Anglo-Saxon dyes – woad

Woad (Isatis tinctoria) was the Anglo-Saxon source of indigo blue. Although woad is not a true native plant (i.e. it was not present here before the formation of the English Channel), it is thought that it was introduced in the neolithic age when farming began. Some of the earliest textile fragments show evidence of having been dyed with woad and it was probably one of the first dyes to be used. As extracting blue from the indigo-bearing plants is somewhat more complicated than the method of extracting colour from most other plants, it may seem strange that blue was among the first dye colours. However, the indigo-bearing plants, including woad, were generally considered to have healing properties and it may be that their use as dyes developed from their use medicinally. For example, if woad leaves were applied to damaged skin as a poultice, perhaps together with urine, which was regarded as an antiseptic, the conditions necessary for extracting blue from the leaves might have developed. These conditions would be heat (from the skin) an alkaline medium (from the urine as it became stale) and bacteria from the urine. So one can imagine that, if the poultice was removed to reveal blue skin beneath it, people would have been able to work out how to use the leaves to dye textile fibres. Another possible scenario might occur if woollen fleece was being cleaned in a tub of urine and someone dropped woad leaves into the tub by mistake. The woad leaves might remain in the tub long enough for the urine to act on them and could, in effect, create a woad vat in the tub. When removed, the fleece would become blue on contact with the air. Once people noticed the presence of the woad leaves in the tub, they would probably have been able to work out why the fleece had become blue. All this is purely speculation, of course. Woad vats would have been organic in the Anglo-Saxon period and might have been made using stale urine, which provides both the source of alkali and the bacteria needed to make the vat active.  Woad leaves may have been harvested and used fresh or they may have been allowed to ferment and processed into woad balls and stored for later use. Another method of dyeing with woad may have been the fermentation vat, made using wood-ash water as the source of alkali and madder and bran to induce fermentation and remove the oxygen from the vat. The recipes for these vats can be found in "Colours from Nature". The first photo below shows pale blue shades from woad. In the second photo the first three skeins show a range of shades from a woad fermentation vat. (The other skeins show lichen purple and black achieved by dyeing.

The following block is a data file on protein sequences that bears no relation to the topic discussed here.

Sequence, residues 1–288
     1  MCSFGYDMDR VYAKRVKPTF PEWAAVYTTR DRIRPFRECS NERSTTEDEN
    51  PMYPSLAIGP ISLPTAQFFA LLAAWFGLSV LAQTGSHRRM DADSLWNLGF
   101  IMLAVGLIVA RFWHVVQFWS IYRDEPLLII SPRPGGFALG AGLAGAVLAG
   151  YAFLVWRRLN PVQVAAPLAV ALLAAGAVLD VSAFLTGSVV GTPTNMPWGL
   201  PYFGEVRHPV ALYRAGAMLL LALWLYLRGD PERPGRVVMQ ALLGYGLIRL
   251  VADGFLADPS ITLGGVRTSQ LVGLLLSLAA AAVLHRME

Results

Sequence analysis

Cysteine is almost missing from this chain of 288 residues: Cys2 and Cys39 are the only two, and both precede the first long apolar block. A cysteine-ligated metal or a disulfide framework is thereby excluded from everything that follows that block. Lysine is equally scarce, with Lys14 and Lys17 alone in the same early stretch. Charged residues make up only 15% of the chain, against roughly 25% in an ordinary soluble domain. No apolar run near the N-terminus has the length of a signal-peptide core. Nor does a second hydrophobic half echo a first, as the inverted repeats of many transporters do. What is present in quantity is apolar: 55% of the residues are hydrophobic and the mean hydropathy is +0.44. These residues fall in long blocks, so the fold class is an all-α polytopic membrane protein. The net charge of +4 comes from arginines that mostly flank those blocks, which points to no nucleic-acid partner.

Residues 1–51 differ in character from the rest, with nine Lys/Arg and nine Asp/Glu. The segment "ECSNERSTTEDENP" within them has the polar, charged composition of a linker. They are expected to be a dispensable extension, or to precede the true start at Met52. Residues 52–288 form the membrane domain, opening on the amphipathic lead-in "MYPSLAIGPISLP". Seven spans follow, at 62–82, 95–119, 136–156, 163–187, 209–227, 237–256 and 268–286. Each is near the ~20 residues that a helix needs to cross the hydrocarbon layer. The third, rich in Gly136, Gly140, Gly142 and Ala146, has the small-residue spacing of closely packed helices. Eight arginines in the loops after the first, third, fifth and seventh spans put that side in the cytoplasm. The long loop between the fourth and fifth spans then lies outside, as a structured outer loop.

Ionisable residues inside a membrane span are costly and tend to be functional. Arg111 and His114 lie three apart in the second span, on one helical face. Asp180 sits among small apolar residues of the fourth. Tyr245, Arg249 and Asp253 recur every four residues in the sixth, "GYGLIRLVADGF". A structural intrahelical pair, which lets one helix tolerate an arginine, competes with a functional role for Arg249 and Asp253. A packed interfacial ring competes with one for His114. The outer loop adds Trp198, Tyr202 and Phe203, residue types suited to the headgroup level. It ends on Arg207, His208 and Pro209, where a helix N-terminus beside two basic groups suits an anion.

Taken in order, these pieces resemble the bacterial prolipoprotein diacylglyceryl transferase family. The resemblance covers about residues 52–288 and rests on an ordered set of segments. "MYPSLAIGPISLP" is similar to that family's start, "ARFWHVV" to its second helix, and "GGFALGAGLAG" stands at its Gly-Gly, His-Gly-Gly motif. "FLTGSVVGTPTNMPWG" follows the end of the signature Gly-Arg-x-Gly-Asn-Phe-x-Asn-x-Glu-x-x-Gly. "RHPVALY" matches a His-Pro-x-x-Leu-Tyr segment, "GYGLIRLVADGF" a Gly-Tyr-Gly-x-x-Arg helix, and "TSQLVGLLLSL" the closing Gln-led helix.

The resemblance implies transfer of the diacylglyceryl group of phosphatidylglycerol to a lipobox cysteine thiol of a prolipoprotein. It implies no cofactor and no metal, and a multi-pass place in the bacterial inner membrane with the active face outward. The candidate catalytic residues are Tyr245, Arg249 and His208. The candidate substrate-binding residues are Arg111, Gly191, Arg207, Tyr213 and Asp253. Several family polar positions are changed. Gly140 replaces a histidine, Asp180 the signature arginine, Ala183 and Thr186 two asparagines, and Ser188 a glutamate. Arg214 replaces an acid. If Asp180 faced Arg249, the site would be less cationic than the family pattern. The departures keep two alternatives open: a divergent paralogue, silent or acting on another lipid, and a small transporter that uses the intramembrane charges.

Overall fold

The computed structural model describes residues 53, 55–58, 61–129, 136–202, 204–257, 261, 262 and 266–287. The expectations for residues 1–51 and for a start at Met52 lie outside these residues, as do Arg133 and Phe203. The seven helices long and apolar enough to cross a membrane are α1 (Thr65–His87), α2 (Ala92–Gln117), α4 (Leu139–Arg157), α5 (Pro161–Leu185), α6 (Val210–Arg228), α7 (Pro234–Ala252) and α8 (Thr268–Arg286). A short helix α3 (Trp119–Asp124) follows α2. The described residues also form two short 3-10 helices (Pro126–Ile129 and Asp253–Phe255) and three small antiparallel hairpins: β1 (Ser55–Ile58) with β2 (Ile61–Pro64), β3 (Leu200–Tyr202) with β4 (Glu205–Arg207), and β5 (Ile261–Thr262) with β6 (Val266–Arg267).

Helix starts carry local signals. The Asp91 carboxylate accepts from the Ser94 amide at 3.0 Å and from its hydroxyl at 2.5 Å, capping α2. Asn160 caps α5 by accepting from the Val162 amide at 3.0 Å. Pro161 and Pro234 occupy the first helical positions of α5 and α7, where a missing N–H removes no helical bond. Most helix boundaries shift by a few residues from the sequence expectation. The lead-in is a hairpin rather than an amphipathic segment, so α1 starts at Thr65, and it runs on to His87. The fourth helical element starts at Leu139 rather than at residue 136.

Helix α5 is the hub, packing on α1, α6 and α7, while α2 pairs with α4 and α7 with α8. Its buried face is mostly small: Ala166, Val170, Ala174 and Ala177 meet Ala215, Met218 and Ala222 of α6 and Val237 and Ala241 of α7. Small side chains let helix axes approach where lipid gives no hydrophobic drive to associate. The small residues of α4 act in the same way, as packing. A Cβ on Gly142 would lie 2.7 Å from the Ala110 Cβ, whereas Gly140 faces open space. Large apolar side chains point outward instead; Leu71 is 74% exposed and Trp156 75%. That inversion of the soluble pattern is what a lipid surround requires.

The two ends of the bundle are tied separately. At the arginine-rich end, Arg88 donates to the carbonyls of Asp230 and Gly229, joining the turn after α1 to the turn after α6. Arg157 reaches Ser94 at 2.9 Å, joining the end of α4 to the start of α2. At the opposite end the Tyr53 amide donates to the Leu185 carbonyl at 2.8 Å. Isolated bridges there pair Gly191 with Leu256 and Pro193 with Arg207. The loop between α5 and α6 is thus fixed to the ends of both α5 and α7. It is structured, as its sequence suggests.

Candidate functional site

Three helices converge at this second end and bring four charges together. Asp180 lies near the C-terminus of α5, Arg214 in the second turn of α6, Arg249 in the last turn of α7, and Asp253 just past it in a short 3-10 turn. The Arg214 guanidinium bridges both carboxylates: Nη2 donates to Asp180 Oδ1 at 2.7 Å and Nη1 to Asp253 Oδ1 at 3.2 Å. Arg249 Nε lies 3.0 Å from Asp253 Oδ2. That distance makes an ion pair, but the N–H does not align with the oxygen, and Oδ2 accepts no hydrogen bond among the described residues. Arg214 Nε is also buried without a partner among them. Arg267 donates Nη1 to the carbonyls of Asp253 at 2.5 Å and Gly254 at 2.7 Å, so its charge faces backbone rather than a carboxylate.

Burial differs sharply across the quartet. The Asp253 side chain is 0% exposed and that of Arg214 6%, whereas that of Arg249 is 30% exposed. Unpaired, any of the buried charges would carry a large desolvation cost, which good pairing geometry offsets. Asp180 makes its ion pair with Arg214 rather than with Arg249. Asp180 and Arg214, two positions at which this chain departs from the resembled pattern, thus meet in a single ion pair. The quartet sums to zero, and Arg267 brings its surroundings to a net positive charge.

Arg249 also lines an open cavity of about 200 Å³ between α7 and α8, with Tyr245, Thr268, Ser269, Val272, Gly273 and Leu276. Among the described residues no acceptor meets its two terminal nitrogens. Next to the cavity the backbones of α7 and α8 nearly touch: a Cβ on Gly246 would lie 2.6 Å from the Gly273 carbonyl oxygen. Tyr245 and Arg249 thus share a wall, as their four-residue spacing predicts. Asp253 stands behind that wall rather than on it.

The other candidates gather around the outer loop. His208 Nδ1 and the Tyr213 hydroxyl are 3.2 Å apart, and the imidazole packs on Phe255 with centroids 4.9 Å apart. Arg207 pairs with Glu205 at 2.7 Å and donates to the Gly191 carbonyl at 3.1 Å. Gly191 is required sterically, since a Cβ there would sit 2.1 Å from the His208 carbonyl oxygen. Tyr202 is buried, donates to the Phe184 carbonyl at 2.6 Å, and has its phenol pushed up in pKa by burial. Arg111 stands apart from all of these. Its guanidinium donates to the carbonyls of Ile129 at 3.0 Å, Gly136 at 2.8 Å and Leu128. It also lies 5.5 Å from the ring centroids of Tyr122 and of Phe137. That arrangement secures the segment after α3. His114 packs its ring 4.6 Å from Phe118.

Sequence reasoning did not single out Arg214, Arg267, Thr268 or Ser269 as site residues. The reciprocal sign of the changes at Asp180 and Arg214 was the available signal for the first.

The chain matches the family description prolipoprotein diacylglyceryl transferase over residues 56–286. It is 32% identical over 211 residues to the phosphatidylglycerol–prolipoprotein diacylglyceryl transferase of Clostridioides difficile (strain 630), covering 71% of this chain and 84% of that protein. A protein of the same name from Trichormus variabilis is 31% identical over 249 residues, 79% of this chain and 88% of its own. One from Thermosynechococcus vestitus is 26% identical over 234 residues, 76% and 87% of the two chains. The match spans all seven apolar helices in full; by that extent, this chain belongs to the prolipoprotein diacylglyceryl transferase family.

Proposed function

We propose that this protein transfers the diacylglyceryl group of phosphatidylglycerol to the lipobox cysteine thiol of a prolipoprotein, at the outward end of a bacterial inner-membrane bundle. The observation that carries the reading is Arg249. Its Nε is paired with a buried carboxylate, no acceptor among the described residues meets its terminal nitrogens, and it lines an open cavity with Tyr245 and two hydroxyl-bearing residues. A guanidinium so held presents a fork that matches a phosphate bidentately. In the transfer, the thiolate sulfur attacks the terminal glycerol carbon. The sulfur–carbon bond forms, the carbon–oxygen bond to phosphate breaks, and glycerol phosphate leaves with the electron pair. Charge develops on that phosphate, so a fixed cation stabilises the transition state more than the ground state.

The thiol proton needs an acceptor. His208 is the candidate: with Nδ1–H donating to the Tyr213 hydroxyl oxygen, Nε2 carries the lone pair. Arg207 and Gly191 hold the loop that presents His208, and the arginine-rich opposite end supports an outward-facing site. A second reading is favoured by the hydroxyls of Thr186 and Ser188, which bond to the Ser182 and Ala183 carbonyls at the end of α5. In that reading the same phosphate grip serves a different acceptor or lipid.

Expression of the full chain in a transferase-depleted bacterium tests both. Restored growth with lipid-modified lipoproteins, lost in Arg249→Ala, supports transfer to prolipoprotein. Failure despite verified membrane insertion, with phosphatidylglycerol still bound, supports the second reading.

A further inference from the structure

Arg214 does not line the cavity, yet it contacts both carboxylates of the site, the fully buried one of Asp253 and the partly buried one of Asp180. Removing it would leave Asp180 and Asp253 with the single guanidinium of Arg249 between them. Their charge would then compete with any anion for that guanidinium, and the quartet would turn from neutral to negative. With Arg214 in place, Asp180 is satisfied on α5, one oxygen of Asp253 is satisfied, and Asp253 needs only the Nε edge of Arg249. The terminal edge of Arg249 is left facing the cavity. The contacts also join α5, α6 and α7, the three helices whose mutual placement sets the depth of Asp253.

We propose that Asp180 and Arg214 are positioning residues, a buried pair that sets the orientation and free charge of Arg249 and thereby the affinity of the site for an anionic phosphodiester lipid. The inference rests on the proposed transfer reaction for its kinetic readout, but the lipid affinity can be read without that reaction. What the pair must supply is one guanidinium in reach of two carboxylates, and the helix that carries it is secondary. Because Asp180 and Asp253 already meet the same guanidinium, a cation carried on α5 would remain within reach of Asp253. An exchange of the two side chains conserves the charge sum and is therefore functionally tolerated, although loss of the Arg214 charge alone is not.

One Response to “Anglo-Saxon dyes – woad”

  1. I really like the pale blue from woad.  I can envision myself all snuggled up in a sweater or shawl made from that lovely yarn.
    Isn't is wonderful how happy accidents contributed to the discovery of so many beautiful dyes?
    This weekend, we had a hurricane hit the area in which I live.  While picking up some of the fallen tree branches in my back yard, I spotted a small, 2-inch twig with lichen growing all over the bark.  Since I have no scarcity of lichen in my area, I saved this little sample and am going to dye a test batch.  I'll be curious to see whether I achieve anything close to the purple in your photo.
    Have a good week   . . .   Linda